Having said that, this may be clearer/easier in some areas than others. Where there are separate Public Health departments to manage the public health grant, this may make things a bit clearer, with there being less chance of that seepage into other missions/departments. All the same, it’s the Director of Public Health who has to sign off that the grant has been used for bona fide public health work, so perhaps that’s an area where more pressure could be applied.

    Fundamentally, I worry about the concluding sentence of this article, which suggests that it’s local authorities that are making these decisions, when it’s really central government outsourcing the decision to local organisations. (The same thing happens with Police and Crime Commissioners.) I’m afraid that this kind of rhetoric can lead to public services fighting against each other, when we should be trying to change the terms of the debate – but it’s really difficult to do that *and* have to work with the budget we’re given. That makes people a complicit part of the system they’re challenging.

  • Will Haydock

    I’d agree in lots of ways, Trevor, but as you know I think we can work better within the current commissioning framework to maintain the diversity and quality you’re concerned about. What we can’t do at the moment is avoid the budget reductions. And I think those are more fundamental than the commissioning structures/context/skills – but those cuts do apply to commissioners as well as services, meaning that it’s more difficult for commissioners to be ‘competent’ and ‘engaged’ in the current environment where they have less time and fewer staff in their team. I think there are reasons why that ‘bundling’ of elements of service happens, but I think collaboration and consortium work is something that can genuinely happen.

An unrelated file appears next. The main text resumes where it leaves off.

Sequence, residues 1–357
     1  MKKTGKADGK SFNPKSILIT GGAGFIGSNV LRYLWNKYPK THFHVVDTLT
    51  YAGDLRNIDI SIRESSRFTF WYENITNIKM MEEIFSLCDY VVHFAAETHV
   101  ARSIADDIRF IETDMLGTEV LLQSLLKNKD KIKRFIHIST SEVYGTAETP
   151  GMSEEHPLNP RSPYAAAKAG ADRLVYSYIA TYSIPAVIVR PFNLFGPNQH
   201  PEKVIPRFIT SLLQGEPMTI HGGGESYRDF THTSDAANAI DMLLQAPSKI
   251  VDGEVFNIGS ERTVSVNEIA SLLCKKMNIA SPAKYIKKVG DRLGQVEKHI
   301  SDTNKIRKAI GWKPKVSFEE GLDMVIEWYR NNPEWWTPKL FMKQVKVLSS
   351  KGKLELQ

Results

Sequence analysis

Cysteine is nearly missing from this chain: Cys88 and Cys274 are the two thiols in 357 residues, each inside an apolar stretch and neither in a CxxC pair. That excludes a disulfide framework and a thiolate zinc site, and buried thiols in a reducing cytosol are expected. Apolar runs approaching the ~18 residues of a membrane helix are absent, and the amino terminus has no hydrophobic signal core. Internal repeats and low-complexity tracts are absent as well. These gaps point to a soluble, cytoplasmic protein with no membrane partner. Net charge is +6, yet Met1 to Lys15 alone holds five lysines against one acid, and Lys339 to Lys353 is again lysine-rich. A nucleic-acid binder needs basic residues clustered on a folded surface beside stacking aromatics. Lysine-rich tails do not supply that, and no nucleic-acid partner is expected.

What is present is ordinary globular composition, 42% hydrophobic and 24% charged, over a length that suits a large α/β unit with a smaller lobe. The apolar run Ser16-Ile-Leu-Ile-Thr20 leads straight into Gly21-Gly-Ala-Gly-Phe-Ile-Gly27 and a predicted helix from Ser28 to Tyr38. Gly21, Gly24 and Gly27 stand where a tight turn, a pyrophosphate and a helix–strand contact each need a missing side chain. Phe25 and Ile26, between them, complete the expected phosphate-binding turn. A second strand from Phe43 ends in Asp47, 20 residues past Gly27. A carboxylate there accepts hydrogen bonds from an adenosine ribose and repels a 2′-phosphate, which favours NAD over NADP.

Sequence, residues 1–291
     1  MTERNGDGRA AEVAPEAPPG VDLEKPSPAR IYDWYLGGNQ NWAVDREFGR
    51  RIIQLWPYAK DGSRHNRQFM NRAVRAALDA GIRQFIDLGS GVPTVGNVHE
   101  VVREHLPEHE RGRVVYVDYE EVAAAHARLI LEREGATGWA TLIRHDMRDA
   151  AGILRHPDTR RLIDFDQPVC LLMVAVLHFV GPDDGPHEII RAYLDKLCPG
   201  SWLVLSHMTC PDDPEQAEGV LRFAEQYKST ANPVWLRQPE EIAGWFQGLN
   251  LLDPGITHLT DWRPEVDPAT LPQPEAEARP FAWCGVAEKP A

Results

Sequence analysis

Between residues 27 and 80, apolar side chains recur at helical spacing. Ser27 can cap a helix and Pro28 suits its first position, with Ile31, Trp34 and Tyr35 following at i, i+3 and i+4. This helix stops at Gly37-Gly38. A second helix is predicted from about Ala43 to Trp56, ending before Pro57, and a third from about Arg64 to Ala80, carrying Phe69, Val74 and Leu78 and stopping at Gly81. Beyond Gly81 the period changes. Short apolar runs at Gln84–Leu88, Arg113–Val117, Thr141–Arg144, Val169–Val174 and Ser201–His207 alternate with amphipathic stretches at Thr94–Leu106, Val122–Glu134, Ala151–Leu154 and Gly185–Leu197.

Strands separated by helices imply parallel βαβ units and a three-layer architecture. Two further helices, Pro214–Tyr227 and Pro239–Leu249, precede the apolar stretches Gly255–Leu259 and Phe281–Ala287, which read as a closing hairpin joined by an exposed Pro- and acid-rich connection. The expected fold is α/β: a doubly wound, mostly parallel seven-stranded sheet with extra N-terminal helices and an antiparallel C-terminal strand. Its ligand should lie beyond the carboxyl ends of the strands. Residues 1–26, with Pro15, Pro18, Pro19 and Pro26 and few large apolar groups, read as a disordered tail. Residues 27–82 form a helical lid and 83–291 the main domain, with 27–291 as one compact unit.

• T McCarthy

    You’re right Will and from my work researching high performing commissioning partnerships a decade or so ago (before your resources were depleted).
    The findings from those high performing areas were consistent: that those excellent commissioners partnerships were thoroughly engaged with the services they convened for the benefit of their local communities. There was senior support in those areas backing up the work of specialist alcohol & other drug commissioning. There was leadership; there was a shared understanding of the inter-connected nature of local public health and social care services. Fundamentally the local leaders in public services understood that alcohol and drug problems are often indicative of other social problems and highlight deficits in local services and resources.
    It is tougher now, of course and I agree with you: collaborative consortium work can happen. My genuine belief is that it should and would be safer, more effective and preferable to the current position: a developing over-reliance on larger provider corporations that inevitably dilutes local partnership capital.